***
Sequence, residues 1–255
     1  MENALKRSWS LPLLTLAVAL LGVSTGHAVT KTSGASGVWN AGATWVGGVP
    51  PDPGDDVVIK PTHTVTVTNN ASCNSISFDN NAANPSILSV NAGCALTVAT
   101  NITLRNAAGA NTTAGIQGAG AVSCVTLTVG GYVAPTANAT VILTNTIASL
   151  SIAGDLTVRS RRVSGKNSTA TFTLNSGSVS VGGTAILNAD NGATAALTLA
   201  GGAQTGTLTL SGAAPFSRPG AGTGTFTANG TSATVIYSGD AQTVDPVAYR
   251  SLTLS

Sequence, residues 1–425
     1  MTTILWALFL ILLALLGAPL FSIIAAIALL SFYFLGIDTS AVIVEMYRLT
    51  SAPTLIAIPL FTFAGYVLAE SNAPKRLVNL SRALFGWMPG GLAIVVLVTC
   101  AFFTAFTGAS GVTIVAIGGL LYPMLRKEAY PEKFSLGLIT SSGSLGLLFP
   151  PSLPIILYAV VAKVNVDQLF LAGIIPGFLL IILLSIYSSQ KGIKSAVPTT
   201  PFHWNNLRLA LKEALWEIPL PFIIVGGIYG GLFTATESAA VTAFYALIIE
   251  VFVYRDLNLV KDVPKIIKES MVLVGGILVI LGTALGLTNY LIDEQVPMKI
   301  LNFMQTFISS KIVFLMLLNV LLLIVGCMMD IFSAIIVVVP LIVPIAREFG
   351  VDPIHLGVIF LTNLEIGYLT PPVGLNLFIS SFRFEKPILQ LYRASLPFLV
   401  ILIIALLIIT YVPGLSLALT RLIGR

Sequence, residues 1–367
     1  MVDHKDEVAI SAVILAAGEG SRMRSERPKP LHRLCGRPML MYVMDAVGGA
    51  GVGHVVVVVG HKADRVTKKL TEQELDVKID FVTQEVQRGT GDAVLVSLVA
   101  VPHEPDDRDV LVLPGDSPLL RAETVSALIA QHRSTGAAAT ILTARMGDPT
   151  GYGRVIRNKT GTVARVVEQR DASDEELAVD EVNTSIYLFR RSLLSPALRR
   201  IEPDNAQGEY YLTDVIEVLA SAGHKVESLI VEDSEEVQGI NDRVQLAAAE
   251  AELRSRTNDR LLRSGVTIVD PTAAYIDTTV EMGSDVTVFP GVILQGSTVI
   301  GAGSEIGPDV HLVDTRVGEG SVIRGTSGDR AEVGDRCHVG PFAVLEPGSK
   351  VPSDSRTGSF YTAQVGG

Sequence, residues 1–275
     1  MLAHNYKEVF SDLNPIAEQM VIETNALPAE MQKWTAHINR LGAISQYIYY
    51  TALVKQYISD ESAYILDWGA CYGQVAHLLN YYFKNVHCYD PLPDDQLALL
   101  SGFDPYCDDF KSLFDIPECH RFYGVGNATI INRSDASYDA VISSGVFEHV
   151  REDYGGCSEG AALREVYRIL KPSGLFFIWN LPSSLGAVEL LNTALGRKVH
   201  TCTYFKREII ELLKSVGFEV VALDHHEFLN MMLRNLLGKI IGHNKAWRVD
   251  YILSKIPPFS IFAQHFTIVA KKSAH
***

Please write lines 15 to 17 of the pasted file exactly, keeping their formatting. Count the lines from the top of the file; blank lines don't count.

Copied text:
   301  LNFMQTFISS KIVFLMLLNV LLLIVGCMMD IFSAIIVVVP LIVPIAREFG
   351  VDPIHLGVIF LTNLEIGYLT PPVGLNLFIS SFRFEKPILQ LYRASLPFLV
   401  ILIIALLIIT YVPGLSLALT RLIGR